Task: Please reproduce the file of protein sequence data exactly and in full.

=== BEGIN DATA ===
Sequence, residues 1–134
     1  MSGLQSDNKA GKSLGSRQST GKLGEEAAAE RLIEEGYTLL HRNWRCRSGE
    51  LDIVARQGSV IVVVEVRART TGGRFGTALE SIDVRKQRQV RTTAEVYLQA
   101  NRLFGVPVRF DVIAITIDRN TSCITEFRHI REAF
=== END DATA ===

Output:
Sequence, residues 1–134
     1  MSGLQSDNKA GKSLGSRQST GKLGEEAAAE RLIEEGYTLL HRNWRCRSGE
    51  LDIVARQGSV IVVVEVRART TGGRFGTALE SIDVRKQRQV RTTAEVYLQA
   101  NRLFGVPVRF DVIAITIDRN TSCITEFRHI REAF